Christ against the multiculturalists

Higher education in the United States and indeed throughout the so-called “West” is dominated by multiculturalism, with the “hard” sciences, professional schools, and business schools being somewhat the exception. It is an unquestioned assumption within the storied halls of our most elite and least elite colleges and universities that the dominant narrative of Western culture is insufficient to educate students. Their biases, assumptions, and worldviews must be challenged, deconstructed and hopefully re-assembled into something resembling coherence.

Concurrent with these assumptions has come a rejection of what had been the core content of a “liberal” education – namely becoming conversant with the thoughts, ideas, and stories of Western culture (i.e. dead White men) and a departure from what had been the intent of such an education (the discovery of ‘truth’). Heretofore marginalized voices (women, minorities) are given privileged status as a consequence of their having been deemed historically oppressed. In history especially (my field), the European explorers, philosophers and missionaries of old have been transformed into apostles of intolerance, genocide, and unremitting oppression. Simply put, dead White guys are out of fashion and truth as a governing or transcendent concept is not even really talked about.

Of course this shift represents a major challenge for Christians in the academy since we follow a religion that both makes transcendent governing truth claims and whose most significant theologians happen to have been mostly dead White guys. It doesn’t help that the “West” is popularly associated with Christianity, notwithstanding the fact that Christianity did indeed originate in the Near East, its most famous early theologians (Augustine and Tertullian) were Africans, and the Christian legacy of India, Ethiopia, and Iraq is far older than that of Ireland. It follows easily that the worst crimes of the western world are laid at the feet of the theology, practice, and indeed even the existence of the Christian faith.

Enter: multiculturalism and the gospel of relativism. According to an article in First Thingsthe task of

a student in the multicultural classroom is to grant unquestioned authority to those who come from underprivileged or marginalized backgrounds. You have to do this because, you will learn, because Western culture has exploited every other culture, and your experiences are so shaped by Western culture that you cannot question those who criticize you. And thus you will become a good cultural leftist (which is the shape liberalism takes in the academy), or, if you are not convinced by these arguments, you will learn how to fake it for the sake of getting a good grade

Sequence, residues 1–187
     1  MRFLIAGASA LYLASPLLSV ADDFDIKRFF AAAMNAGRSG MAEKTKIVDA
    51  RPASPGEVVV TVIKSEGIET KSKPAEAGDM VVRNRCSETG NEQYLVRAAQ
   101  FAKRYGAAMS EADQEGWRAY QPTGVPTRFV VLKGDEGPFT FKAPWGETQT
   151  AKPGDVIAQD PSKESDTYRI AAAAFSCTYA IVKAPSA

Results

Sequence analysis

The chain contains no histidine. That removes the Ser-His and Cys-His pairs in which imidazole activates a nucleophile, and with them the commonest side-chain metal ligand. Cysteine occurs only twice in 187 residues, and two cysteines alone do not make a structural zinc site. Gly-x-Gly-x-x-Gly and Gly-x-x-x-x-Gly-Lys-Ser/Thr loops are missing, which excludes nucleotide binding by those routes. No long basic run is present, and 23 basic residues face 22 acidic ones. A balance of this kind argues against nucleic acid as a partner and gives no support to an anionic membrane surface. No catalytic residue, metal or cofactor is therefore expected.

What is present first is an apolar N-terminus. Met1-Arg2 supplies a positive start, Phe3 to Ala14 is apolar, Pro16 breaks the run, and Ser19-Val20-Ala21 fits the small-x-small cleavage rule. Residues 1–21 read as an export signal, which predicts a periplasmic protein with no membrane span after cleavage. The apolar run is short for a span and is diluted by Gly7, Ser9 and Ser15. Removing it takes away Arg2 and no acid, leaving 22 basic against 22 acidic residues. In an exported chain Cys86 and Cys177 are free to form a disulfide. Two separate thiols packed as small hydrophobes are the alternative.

The article continues:

All of this is profoundly anti-Christian, which is why Christian students are typically the most radical questioners of higher education. Because Christians believe in a universal human nature, they also believe they can make universal truth claims about human nature. That does not mean that every statement about human nature is true.

And so it is that Christians hold as profoundly and universally true the very thing that sticks in the craw of post-modern cultural relativists. Thus Christian students, albeit thoroughly unversed and ill prepared to “give an answer for the hope that lies within them”, they are nonetheless adherents of a gospel that declares that truth does indeed exist; truth about God, the meaning of life, the condition of man, and man himself. Further, they hold to the notion that these truths are not culturally bound, nor limited by time, but are always and in every place profoundly and fundamentally true.

It is true though that the lens of multiculturalism has brought a needed corrective to the myopia of the Christian church in the United States. It is perhaps a function of our relative isolation from people of different languages and ethnicity that the universality and thus the infinite translatability of the Christian religion has been lost on us. It is a good thing that churches are wrestling with questions of multi-ethnicity and culture. We must be careful though as we wrestle not to adopt the singularly unChristian, dare I say anti-Christian academy that reflexively dismisses the achievements of Christian civilization while highlighting its sins and lionizing those presumed to be victims.

It is no small thing that it is only in the Christian west that human freedom as a concept rooted in the Biblical view of all people being made in God’s image bore the fruit of eliminating slavery, or that women have enjoyed the relative equality of status that they do. When the West failed, it is perhaps not the failure of Christianity, but only an indication that the Christianization of society did not go far enough.